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  • In the barely one hour running time of Melody for Two a whole lot of musical numbers gets packed into it. So much so that unfortunately a lot of plot gets sacrificed.

    When I saw that Donald O'Connor was supposed to be in Melody for Two it confirmed my suspicions that a lot got left on the cutting room floor. Who knows if O'Connor had actually appeared in Melody for Two and had gone to Warner Brothers how much different a career path he might have had.

    James Melton and Patricia Ellis lead rival bands. In fact when the film starts out she's the female vocalist in his band. But when he gets into a stupid fight with his arranger and quits the club he's contracted for, she steps in and takes over the band.

    Not to be outdone Melton goes out and hires himself an all female orchestra. Both of them get into the latest of crazes, swing music and turn professional rivals.

    Right after this Melton left Warner Brothers and went on to grand opera and eventually became the lead tenor at the New York Metropolitan Opera in the Forties. But in this final Warner Brothers film, he introduced and popularized the song, September in the Rain.

    Harry Warren and Al Dubin had originally written this for Melton's first Warner Brothers film, Stars Over Broadway, but it was cut, though you can hear it in the background. In Melody for Two Melton got to sing it and it became a big hit in 1937, one of Warren and Dubin's biggest.

    Melody for Two is good easy to take entertainment. Look for Wini Shaw to also have a good number or two in it and Marie Wilson as the seemingly dumb bass fiddle player who comes up with the two ideas that change some personal history.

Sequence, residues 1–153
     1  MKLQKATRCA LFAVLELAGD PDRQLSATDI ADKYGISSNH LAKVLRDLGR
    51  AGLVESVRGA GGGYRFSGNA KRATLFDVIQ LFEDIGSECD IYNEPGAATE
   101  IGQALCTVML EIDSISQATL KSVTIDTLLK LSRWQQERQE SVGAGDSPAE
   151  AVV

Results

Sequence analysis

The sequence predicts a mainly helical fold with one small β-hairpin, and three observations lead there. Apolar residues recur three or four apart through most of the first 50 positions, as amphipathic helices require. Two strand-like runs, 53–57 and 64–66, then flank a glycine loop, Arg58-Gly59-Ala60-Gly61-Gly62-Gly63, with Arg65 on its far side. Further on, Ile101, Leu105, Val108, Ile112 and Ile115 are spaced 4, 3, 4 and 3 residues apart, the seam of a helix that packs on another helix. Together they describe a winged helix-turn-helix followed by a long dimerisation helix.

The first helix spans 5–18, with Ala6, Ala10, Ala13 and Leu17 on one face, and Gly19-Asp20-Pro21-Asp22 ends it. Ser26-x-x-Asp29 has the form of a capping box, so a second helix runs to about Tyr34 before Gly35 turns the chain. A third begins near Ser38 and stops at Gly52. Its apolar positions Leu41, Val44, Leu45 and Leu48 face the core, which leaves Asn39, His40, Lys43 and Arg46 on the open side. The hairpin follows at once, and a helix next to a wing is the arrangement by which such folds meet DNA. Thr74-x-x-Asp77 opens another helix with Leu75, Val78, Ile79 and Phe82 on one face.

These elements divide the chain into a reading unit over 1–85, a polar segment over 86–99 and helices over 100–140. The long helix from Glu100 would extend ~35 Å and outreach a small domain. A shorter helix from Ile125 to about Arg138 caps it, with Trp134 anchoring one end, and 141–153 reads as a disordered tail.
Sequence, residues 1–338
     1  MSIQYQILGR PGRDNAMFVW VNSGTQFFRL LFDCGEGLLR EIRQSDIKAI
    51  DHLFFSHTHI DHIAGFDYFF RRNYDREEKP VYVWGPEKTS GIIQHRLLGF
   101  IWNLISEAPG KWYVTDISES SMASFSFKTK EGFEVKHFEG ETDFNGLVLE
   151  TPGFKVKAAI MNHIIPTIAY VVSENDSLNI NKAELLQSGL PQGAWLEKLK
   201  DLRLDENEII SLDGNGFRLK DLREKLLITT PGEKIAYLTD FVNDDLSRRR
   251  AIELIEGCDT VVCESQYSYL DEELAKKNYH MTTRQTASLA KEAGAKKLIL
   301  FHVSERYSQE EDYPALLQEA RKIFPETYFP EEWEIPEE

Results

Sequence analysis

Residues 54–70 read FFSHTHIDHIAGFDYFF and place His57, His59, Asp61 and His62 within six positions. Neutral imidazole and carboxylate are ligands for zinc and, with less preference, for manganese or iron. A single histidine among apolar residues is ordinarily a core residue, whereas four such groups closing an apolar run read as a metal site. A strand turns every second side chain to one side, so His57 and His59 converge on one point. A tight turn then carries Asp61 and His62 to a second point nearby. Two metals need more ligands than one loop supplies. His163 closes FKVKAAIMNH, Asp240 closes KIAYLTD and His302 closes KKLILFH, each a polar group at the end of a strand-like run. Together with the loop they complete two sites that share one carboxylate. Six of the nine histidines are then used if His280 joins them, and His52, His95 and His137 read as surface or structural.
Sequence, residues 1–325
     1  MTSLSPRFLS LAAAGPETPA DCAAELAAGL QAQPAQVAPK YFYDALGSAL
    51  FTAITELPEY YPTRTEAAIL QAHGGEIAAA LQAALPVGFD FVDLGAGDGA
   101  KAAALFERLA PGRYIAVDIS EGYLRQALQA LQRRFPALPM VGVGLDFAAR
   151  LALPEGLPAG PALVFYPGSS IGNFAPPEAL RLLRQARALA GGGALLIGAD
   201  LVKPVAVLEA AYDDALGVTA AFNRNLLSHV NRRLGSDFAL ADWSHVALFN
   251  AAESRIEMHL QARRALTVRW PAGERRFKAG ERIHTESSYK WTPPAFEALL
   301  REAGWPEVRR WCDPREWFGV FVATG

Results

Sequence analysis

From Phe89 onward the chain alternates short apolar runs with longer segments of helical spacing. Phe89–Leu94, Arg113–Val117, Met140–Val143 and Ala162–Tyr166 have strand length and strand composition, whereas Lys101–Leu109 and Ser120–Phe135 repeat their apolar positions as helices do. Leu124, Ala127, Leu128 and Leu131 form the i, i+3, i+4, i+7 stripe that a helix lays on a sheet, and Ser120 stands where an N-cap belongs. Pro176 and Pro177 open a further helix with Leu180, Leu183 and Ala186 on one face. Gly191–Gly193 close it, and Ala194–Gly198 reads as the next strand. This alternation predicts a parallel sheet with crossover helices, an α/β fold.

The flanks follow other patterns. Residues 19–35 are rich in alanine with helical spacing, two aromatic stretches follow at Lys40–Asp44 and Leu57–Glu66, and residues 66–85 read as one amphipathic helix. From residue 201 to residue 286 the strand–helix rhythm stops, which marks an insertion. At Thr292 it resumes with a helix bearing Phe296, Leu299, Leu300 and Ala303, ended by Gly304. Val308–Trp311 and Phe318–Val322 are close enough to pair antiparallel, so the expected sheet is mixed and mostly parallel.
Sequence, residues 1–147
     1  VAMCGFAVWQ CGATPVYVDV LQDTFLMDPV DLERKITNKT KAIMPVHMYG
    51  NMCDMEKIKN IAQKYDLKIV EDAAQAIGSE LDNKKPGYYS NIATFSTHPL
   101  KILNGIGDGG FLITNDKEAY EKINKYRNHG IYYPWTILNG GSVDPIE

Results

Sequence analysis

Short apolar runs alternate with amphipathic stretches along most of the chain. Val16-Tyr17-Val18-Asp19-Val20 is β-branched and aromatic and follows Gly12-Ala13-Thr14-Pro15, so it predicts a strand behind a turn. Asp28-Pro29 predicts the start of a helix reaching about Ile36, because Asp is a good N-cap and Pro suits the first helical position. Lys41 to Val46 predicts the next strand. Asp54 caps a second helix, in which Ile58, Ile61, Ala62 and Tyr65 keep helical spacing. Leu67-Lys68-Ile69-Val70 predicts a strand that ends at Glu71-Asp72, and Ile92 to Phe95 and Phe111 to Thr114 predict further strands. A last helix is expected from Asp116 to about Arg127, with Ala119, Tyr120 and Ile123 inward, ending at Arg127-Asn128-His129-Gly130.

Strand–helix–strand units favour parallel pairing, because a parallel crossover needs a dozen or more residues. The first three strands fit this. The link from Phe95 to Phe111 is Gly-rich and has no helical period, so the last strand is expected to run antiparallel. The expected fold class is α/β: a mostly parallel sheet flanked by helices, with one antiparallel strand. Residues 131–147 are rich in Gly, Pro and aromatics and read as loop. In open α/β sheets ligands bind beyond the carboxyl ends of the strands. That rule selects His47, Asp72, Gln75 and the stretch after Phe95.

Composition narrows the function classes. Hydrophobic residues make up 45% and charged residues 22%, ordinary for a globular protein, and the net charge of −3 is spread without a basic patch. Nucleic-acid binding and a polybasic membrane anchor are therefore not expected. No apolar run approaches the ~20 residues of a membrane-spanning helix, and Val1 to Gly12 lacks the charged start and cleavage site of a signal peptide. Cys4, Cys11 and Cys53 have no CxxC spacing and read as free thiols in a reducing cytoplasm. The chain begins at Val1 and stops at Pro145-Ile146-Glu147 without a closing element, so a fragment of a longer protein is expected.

• HarlowMGM17 February 2007
    MELODY FOR TWO is a typical "B" movie musical of the late 1930's, running little over an hour featuring a talented but non-star cast. Don't expect 42ND STREET but do expect some good vocals, a number of funny lines, lots of entertainment, and some extremely good songs, notably "September in the Rain" which became far more famous than the film it debuted in and is surely as a great a movie song as any ever written.

    James Melton stars as a band-leader who tangles with arrogant songwriter Craig Reynolds, whom he fires right before his orchestra is about to begin a major contract with a New York nightclub. Reynolds takes his song collection with him, leaving Melton and band without any music for the show at the last minute. Band vocalist Patricia Ellis, something of a latent girlfriend to Melton, goes to Reynolds and persuades him to let the band use his song material for a high price under an non de plume , knowing Melton wouldn't take his songs for free. Reynolds agrees and the orchestra has a smash opening, only to have Reynolds blab to a gossip columnist about the secret which ridicules Melton. Angry, Melton quits the orchestra when the nightclub management refuses to drop the song repertoire which leads to him being blacklisted for walking out on a contract. Ellis reluctantly steps in as band-leader as well as vocalist and the band continues to be a major sensation. Feeling sympathy for Melton, she arranges for him to get a contract with a minor nightclub where despite the novelty angle of leading an all-girl orchestra business is poor until janitor Eddie Anderson (Rochester) persuades Melton to play music "hot" and provides him with some swing material. Then the tables are turned and Melton's band is the new sensation in town with his original orchestra with Ellis on the downturn. Eventually both bands must compete to obtain a radio contract and oily Reynolds is determined to pull underhanded tricks to see the results go his way.

    Opera star James Melton is fine shape vocally but not one of the better singers-turned-actors although he has a pleasant personality. Pretty Patricia Ellis, one of the most prolific "B" movie leading ladies of the 1930's, is pleasant in her role but the movie is stolen by delightful little Marie Wilson as the dingy amateur musician who turns out has some very good ideas. The movie is also notable for featuring the wonderful Warners contractee Winifred Shaw as the vocalist for Melton's second band. Miss Shaw is simply one of the best singers in 1930's films and it's always a treat to see her. One does wish she had been the one to wrap her extraordinary vocals around "September in the Rain" although Melton does a very good job with it. The song alone is worth tuning in to hear - but the talented cast and smooth production makes the whole picture quite pleasing.